Students reflected in their journal entries on their tutoring at the shelter homework center. As part of their research paper, students reflected on what they had learned from their experiences and what they felt could be done to further help with the issues of hunger and homelessness. Students completed a progress chart on What I Know About Hunger, What I Learned About Hunger, What I still Want to Know.
Student reflection responses included:
“First I had to do research using the school computers on Hunger and Homelessness. That was boring. But then I got the choice to go out into the real world and actually experience it. I tutored kids living at the shelter. It was eye-opening to see that those kids were just like the rest of us, only they didn’t have a place to call home. By the end of the project, I realized that I had the power to help someone who was less fortunate than me. Not only was it a project and a grade but a new way to look at hunger and homelessness and I am happy I was able to participate in it.”
“The hunger curriculum and service taught me a lot of things. I feel that hunger and homelessness will never be completely solved but everything that a person can do to help can make a difference. I know I will be that one person for the rest of my life. I will be able to be that person because I am going to continue to volunteer my time to helping others. When I go to college, I am planning on taking a class on community service learning. Finally, after college, I want a job working with people. That is now my dream and my goal.”
|Community Partners Involved: |
The AESG partnership with the Worcester State College Department of Intergenerational Studies and the Urban Studies Program has been most beneficial. The AESG students have developed strong bonds both with Dr. Maureen Power and her staff, and the youth and senior college students. Learning the kNOw HUNGER curriculum, and reading the two novels Night and Homecoming occurred jointly for both groups both in classrooms/ lecture rooms at Worcester State College and South High. The analysis of the novels and the connections to hunger in Worcester also occurred at two shared forums. The AESG and Worcester State worked together on community service learning projects: planting food for the soup kitchens at the Brigham Hill Farm, sorting food at the Central MA Food Bank and the Boston Food Bank, participating in the National Youth Leadership Conference on Hunger and Homelessness in Boston, co-presenting an Affordable Housing and Food Stamps informational sign up session for a Worcester Hispanic Group, participating in the Walk for Homelessness, and touring the Worcester community to see firsthand the facilities and agencies currently providing services to those that are hungry.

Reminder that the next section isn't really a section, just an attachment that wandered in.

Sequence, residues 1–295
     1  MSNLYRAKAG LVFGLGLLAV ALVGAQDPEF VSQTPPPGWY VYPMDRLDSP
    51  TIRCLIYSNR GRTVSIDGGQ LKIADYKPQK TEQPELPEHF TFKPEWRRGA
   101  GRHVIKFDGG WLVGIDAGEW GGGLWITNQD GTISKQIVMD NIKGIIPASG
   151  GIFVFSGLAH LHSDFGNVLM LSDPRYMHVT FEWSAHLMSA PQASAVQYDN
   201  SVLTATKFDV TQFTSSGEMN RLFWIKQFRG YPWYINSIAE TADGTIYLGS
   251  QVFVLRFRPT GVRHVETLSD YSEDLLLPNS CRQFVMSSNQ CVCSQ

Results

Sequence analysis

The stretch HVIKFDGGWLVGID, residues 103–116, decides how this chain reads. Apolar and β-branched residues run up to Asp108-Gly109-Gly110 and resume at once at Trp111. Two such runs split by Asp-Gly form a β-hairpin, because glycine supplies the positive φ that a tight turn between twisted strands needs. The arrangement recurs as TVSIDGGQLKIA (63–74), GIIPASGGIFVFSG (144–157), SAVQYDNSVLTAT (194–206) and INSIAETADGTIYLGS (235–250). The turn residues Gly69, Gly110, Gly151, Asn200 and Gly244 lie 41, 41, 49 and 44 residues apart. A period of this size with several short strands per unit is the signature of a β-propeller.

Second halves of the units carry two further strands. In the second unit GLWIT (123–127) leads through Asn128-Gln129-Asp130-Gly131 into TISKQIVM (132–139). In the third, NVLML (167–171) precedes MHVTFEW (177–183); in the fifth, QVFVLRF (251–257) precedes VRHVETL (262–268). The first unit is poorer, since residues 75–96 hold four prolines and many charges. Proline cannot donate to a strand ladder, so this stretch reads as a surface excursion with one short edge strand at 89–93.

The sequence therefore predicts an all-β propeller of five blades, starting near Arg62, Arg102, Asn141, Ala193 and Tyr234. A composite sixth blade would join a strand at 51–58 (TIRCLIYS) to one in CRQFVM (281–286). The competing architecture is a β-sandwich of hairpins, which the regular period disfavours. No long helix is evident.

|Demonstration/Celebration of Students' Work: |
The AESG and Worcester State celebrated the success of this partnership with a special celebration at Worcester State College where the students were recognized and congratulated by the President of Worcester State College. Worcester State College staff and students were invited to join the AESG in a celebration day trip to Martha’s Vineyard in June 2007.
|Evaluation of Project’s Impact:|
Worcester State and the AESG have been requested to participate in service learning at the Central MA Food Bank one afternoon a week for the next year, and to help harvest at Brigham Hill Farm in September and October the food they planted in May 2007. The AESG and Worcester State have been asked again to partner with the Central MA Housing Alliance for the 2007-08 school year. Worcester State College is offering a college course, Food For Thought in Fall 2007 to continue to explore the issue of hunger. The AESG students and staff have been invited to attend these lectures and guest speakers. Worcester State College and the AESG will jointly work on a Outreach Food Stamp Campaign and a Universal Breakfast Campaign in Fall 2007.
Students completed a pre- and post-test on their knowledge of hunger. In June 2007, students showed a tremendous increase in knowledge, especially in the areas of services/ agencies available in the Worcester community. Students shared positive feedback with their teachers and the WSC mentors about their service learning experiences and how it tied to the curriculum. A group of 10 students became advocates against hunger for their families and their neighborhoods.
|Challenges/Solutions Identified by District:|
There were no challenges related to the process of implementing the CSL curricula.
* NOTE: This project summary was written by the district/community. Any text in italics was added or modified by the Department (ESE). Most of these projects were supported with Learn & Serve America funds distributed through the ESE.